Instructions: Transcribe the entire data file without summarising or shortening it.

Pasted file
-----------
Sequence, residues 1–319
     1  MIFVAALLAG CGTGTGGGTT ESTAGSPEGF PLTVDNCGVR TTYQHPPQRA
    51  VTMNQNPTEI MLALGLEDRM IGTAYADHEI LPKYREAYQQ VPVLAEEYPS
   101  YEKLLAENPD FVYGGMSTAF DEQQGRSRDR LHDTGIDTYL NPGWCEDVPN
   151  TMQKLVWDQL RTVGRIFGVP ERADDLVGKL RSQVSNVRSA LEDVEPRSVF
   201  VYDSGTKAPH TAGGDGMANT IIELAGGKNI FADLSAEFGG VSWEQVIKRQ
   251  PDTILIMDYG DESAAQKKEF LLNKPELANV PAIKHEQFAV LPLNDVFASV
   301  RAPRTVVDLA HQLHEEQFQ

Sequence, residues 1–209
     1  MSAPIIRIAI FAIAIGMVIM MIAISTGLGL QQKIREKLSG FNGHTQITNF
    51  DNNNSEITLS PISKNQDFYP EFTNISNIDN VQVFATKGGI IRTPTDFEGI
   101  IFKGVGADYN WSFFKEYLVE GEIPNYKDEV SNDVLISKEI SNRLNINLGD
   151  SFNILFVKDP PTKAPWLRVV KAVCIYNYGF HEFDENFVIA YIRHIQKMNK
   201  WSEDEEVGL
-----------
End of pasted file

Sequence, residues 1–319
     1  MIFVAALLAG CGTGTGGGTT ESTAGSPEGF PLTVDNCGVR TTYQHPPQRA
    51  VTMNQNPTEI MLALGLEDRM IGTAYADHEI LPKYREAYQQ VPVLAEEYPS
   101  YEKLLAENPD FVYGGMSTAF DEQQGRSRDR LHDTGIDTYL NPGWCEDVPN
   151  TMQKLVWDQL RTVGRIFGVP ERADDLVGKL RSQVSNVRSA LEDVEPRSVF
   201  VYDSGTKAPH TAGGDGMANT IIELAGGKNI FADLSAEFGG VSWEQVIKRQ
   251  PDTILIMDYG DESAAQKKEF LLNKPELANV PAIKHEQFAV LPLNDVFASV
   301  RAPRTVVDLA HQLHEEQFQ

Sequence, residues 1–209
     1  MSAPIIRIAI FAIAIGMVIM MIAISTGLGL QQKIREKLSG FNGHTQITNF
    51  DNNNSEITLS PISKNQDFYP EFTNISNIDN VQVFATKGGI IRTPTDFEGI
   101  IFKGVGADYN WSFFKEYLVE GEIPNYKDEV SNDVLISKEI SNRLNINLGD
   151  SFNILFVKDP PTKAPWLRVV KAVCIYNYGF HEFDENFVIA YIRHIQKMNK
   201  WSEDEEVGL